There’s an interesting paradox in the security industry. On the one hand, we are constantly being told that there is a dearth of talent in cybersecurity. Statistics like “one million open reqs” and “zero percent unemployment” get thrown around, creating the perception that security is the field to enter if you want a stable, long term career. As a result, more and more people are considering careers in cybersecurity, and more and more institutions are offering cybersecurity certificates and degrees. On the other hand, it turns out that entering the security industry can be really difficult. Not very many of those “one million open reqs” are entry level, and security is a large, diverse, complex industry. It can be overwhelming and sometimes disheartening.
This is why mentors in cybersecurity are so important. Unlike other professions, there is no well-defined career path. Getting a job in the security industry, especially as a newbie, is rarely a matter of a degree or a certificate. Even experienced security professionals rely on their networks to find their next opportunity. Newbies not only don’t have the network, they may not know that the network exists or how to access it.
One of the biggest differences that mentors can make is introducing mentees to the network and resources outside of their educational institution or place of work. When I meet and speak with cybersecurity students and others looking to break into the industry, these are some of the resources I highlight:
- Local meetups and associations. Most cities have security meetups (often more than one!) and local associations such as ISSA and Cloud Security Alliance. Many of these are free to join, and some of the meetings even provide free food and drinks, additional incentive for the starving student. Send a list to your mentee, and invite them to join you at one or two. Then introduce them to others at the event.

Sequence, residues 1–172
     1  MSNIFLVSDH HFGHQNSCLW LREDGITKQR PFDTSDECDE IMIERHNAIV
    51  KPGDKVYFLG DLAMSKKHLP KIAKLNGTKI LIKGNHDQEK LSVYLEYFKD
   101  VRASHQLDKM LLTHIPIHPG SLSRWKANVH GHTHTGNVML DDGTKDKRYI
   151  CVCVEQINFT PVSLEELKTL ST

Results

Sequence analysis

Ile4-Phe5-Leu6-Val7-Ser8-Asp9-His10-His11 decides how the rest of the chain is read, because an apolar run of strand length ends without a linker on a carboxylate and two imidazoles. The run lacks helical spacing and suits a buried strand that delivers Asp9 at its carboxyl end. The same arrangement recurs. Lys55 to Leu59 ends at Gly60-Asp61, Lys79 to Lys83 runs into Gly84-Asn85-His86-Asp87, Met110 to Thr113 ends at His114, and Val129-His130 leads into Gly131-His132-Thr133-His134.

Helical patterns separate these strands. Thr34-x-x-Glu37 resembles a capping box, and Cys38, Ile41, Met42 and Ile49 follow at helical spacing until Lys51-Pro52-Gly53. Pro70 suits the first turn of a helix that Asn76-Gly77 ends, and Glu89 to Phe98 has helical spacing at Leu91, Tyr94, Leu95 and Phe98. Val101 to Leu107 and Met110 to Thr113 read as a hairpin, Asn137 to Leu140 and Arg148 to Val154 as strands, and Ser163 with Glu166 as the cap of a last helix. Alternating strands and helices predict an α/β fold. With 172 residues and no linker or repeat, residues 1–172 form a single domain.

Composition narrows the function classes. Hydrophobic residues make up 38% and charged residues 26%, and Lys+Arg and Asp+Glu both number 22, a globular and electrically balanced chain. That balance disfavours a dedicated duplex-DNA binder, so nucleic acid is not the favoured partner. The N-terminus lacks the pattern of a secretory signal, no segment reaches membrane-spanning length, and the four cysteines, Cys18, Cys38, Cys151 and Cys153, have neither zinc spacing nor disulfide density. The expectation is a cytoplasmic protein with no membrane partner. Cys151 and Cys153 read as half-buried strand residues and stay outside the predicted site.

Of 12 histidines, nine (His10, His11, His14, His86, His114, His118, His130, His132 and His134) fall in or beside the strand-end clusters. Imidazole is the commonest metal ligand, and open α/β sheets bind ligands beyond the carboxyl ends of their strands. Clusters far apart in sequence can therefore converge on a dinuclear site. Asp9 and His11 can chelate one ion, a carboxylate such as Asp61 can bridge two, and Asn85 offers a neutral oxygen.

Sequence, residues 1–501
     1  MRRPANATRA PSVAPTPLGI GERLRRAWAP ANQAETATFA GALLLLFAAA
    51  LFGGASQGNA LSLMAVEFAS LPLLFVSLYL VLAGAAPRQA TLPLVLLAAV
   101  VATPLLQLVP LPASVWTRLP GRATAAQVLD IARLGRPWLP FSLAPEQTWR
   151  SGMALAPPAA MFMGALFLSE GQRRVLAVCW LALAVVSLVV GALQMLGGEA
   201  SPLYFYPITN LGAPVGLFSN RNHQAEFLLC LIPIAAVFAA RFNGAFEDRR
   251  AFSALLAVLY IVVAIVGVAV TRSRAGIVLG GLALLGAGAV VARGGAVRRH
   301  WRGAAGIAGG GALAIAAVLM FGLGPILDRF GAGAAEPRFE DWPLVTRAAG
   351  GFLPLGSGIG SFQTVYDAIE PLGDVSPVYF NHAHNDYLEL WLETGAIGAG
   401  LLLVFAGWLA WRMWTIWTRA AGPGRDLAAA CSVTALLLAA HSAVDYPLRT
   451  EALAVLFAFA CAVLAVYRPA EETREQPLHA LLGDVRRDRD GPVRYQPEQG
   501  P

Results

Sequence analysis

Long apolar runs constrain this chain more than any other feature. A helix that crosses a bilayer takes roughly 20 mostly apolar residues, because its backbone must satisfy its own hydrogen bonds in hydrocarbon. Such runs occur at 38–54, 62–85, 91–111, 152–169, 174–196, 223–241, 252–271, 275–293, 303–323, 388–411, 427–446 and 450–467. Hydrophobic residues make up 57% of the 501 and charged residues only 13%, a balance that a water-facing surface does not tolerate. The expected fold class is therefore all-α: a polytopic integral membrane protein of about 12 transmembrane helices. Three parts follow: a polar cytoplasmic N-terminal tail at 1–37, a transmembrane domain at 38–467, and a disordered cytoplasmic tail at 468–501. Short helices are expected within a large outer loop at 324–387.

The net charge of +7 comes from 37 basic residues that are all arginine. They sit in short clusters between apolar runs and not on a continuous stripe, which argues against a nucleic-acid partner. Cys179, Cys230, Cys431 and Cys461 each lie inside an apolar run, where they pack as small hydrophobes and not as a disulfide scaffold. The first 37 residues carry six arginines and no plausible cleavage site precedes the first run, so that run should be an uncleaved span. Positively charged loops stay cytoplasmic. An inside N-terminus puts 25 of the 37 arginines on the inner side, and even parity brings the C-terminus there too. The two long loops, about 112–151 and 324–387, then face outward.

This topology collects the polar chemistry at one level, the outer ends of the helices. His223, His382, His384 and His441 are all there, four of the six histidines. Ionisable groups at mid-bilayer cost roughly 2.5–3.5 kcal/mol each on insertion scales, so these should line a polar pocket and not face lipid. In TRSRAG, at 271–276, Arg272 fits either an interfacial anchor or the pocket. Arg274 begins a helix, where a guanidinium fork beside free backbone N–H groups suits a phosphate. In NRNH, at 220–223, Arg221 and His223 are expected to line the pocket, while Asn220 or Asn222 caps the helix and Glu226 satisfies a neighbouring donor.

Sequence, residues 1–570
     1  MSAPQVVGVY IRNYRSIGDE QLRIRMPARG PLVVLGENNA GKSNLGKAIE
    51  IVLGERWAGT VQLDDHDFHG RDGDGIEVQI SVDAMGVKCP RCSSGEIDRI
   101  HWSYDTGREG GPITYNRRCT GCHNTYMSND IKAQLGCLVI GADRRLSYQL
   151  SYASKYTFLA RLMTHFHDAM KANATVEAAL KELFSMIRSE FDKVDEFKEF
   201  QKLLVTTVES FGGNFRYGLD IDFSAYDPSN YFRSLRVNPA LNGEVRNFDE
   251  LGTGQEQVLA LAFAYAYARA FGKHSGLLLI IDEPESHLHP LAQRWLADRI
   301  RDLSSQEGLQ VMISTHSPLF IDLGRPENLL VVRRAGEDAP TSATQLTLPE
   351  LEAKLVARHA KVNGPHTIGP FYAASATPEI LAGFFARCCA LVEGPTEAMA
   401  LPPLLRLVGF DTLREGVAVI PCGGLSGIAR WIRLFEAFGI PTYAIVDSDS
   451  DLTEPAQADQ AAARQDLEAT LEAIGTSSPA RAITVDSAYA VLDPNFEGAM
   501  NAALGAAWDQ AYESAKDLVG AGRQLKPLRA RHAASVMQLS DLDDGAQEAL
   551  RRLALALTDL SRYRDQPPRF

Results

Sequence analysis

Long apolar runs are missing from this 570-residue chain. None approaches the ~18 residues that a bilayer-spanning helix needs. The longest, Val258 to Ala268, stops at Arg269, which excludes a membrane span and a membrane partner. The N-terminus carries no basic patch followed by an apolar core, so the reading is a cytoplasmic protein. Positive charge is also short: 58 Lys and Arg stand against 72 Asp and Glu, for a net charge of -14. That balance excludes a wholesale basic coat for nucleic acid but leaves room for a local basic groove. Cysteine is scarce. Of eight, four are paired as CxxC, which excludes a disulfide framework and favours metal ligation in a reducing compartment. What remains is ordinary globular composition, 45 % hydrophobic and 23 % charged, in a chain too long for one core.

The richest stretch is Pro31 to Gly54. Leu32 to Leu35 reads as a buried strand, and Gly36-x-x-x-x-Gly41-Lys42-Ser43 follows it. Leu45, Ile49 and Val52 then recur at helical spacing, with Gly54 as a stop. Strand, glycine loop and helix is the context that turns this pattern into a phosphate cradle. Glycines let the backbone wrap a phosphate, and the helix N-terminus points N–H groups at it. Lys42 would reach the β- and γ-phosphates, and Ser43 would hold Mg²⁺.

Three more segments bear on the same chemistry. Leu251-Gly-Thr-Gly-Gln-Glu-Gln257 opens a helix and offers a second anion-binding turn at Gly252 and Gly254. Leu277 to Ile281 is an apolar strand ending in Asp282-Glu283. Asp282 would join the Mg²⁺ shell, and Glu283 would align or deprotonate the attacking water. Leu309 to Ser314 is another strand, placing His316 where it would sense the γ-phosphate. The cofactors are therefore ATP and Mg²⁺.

- Local conferences. There’s almost certainly a Security BSides within 50 miles of your mentee. Good networking, good education, usually cheap or free. Make sure your mentee knows about these. Again, introduce them around. If you’re feeling really ambitious, look for ways to get your mentee involved in the conference (maybe there’s a panel about breaking into the security industry?).
- Volunteer opportunities. Volunteering can get your mentee into a conference that they otherwise could not afford or that is sold out. Almost every local conference needs volunteers or members of the organizing committee, but even many of the bigger regional conferences will subsidize volunteers. Remember that your mentee may not have even heard of these events.
- Social media. I’ll admit to being a relatively recent Twitter convert, and now I can’t imagine not being on it. I’m constantly amazed by the expertise and generosity of Infosec Twitter. Infosec Twitter is where your mentee can track the latest security news, learn from experts, hear about upcoming CFPs and events, and network for jobs. If your mentee is new to Infosec Twitter, you can help them out by giving them a list of your favorite people to follow and by retweeting their posts to expose them to your followers.
Many of us have been living in the cybersecurity bubble for a while, and it’s easy to forget that not everyone knows how to break in. When you introduce your mentee into your network, you introduce them to other potential mentors, volunteer and industry activities to put on their resume, and organizations that might be hiring. Hopefully, as your mentees advance in the industry, they will pay it forward, becoming mentors themselves and introducing their mentees to you at the next security conference.